Alex Thiersch: Does Cannabis Need a Corporate Makeover?
This is a time of real change in the legal cannabis industry. Just in the last year we’ve made many business inroads and technological innovations that have stoked already red-hot growth. As fantastic and meteoric as the industry’s ascension has been, though, we’ve only just started to develop its real potential. This potential includes the image rehabilitation that’s occurring across the country, as well as attracting new demographics. As I will talk about at the Cannabis World Congress and Business Expo this week, in order to really capitalize on this opportunity there needs to be a corporate shift in our approach to the public.
Cannabis counterculture is a huge market – and it’s a market that has carried industry to where it is now – but as a medicine and a commodity the cannabis plant could reach even further. It’s a plant that could cross all demographic lines, and an expectation that every possible consumer should participate in the culture will hold the industry back.
For better or worse perception is often reality and when we talk about expanding the demographics of the cannabis consumer, or bringing new investors into the industry, or pushing for legalization and regulation of the plant in new places in the country perception is often not on our side. We’re still recovering from decades of propaganda describing anybody involved with cannabis as lazy stoners at best and drug traffickers at worst. Even in California and Colorado there are still state and local officials and communities that are either resistant or openly hostile to legal cannabis. Yes, these ideas are slowly changing, but as I’ve written here before we still have a ways to go.
There are five keys to changing the perception of legal cannabis.
- Step-By-Step Legalization
- Market to New Demographics
When the Chicago Sun-Times covered the Marijuana Business Conference and Expo in Chicago in May the narrative was almost entirely about how the feeling was surprisingly serious and button-down. We need to get to a place where professionalism in cannabis is not a surprise. From sophisticated investors to savvy entrepreneurs we need to continually reinforce the reality that canna-businesses are as serious as any other business.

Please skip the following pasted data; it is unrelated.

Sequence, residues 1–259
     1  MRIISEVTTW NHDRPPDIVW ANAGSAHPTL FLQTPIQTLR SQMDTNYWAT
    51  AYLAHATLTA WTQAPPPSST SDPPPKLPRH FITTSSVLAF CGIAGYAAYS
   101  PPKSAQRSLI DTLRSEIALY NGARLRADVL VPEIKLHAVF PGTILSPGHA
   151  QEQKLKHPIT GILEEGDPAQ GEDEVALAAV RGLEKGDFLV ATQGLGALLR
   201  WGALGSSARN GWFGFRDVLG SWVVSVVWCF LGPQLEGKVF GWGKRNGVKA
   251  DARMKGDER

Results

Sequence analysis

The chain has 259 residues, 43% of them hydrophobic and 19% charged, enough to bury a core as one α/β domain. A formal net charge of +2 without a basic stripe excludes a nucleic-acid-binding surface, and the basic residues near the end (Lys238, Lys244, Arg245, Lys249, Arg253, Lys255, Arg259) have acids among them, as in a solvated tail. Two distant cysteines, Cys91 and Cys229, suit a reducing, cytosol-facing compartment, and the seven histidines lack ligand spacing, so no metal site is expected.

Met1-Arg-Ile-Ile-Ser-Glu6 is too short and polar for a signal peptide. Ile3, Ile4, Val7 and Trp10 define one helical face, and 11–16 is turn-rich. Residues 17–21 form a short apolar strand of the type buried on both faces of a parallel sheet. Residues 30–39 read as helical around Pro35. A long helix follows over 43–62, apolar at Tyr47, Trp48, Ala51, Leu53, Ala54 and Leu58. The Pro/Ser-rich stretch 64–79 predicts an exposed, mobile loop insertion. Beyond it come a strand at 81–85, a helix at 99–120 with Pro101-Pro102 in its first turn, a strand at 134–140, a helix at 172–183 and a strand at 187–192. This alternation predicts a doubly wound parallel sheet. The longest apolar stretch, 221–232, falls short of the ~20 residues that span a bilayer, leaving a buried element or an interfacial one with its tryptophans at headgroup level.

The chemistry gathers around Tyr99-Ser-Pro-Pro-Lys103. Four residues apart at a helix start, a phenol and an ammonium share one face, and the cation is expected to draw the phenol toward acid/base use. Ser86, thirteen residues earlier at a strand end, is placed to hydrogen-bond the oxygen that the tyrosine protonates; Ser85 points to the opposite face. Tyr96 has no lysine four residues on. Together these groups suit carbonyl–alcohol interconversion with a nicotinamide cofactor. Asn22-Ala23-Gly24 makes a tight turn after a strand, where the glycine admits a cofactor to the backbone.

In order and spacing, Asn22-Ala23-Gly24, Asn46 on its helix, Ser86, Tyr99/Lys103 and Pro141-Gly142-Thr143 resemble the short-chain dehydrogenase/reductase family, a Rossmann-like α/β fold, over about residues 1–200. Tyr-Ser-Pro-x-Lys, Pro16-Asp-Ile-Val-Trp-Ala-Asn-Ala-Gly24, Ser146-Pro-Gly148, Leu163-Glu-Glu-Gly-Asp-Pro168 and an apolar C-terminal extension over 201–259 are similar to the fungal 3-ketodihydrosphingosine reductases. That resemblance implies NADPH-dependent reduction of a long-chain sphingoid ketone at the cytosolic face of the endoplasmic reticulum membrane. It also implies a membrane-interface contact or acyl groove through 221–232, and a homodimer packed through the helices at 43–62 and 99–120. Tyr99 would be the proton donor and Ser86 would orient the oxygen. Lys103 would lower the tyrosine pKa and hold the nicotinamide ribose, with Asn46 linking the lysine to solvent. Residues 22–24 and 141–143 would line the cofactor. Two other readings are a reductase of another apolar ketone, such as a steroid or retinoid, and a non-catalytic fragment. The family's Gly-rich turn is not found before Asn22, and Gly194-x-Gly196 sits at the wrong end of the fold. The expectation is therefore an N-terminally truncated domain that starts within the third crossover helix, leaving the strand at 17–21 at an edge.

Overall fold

Additionally, dispensaries are not bars. This should be clear since it’s illegal to consume cannabis in any legal dispensary in the country. They are more akin to pharmacies, or boutique liquor stores and wine shops, and from a customer-facing standpoint professional, friendly, knowledgeable budtenders are the most important factor. These folks are public representatives of your company, and of the industry, and should have expertise in customer service as well as cannabis.
It’s important to branch out from product-based branding, not just for the image of the industry but also for the good of each individual business. Brand your company with a feeling or an idea, don’t be just one of a million marijuana companies in a field overflowing with them. Identify your target market and transcend the product to make a real connection with that market.
As I’ve written before, we in the industry cannot shy away from regulation. We should take an active role in pushing for regulatory rules that take the needs of cannabis businesses into account, as well as the needs of cannabis patients and consumers. Once those regulations are in place we should be over-compliant. Trust, in many places in the country and with many people, is going to have to be earned. Working hand-in-hand with regulators to shape rules and laws is the best way of going about that.
It will take time for some people to get over their stigmatization of cannabis. Pushing for full legalization first and trying to drag these folks along for the ride can cause contention in new markets, and can also cause these people to retrench and double-down on their outdated ideas. Pushing for medical legalization first – which enjoys roughly a 70% approval rating across the country – can allow people to slowly adjust to the fact that cannabis is not harmful, and that actually it can be incredibly beneficial.
The points above will allow us to market cannabis to groups that are not stereotypically cannabis consumers. Baby boomers are already a growing segment, and the potential of women in the cannabis market is enormous. The illicit marijuana industry is estimated to be worth $30 billion, and that is just from folks who are willing to purchase illegally. Legalization gives us a chance not only to shift those dollars to legal businesses, but to also expand the market to even more potential customers.
The current value of the legal cannabis market is estimated at roughly $3 billion. That’s nothing to scoff at. It’s a huge slice of pie. But the rest of the pie – all the states without legal cannabis laws, and all of the slices of American society that aren’t currently cannabis consumers – is still waiting to be served. If we want it, though, we can’t just sit at our table doing the same things we’ve always done. We have to come up the will to go and get it.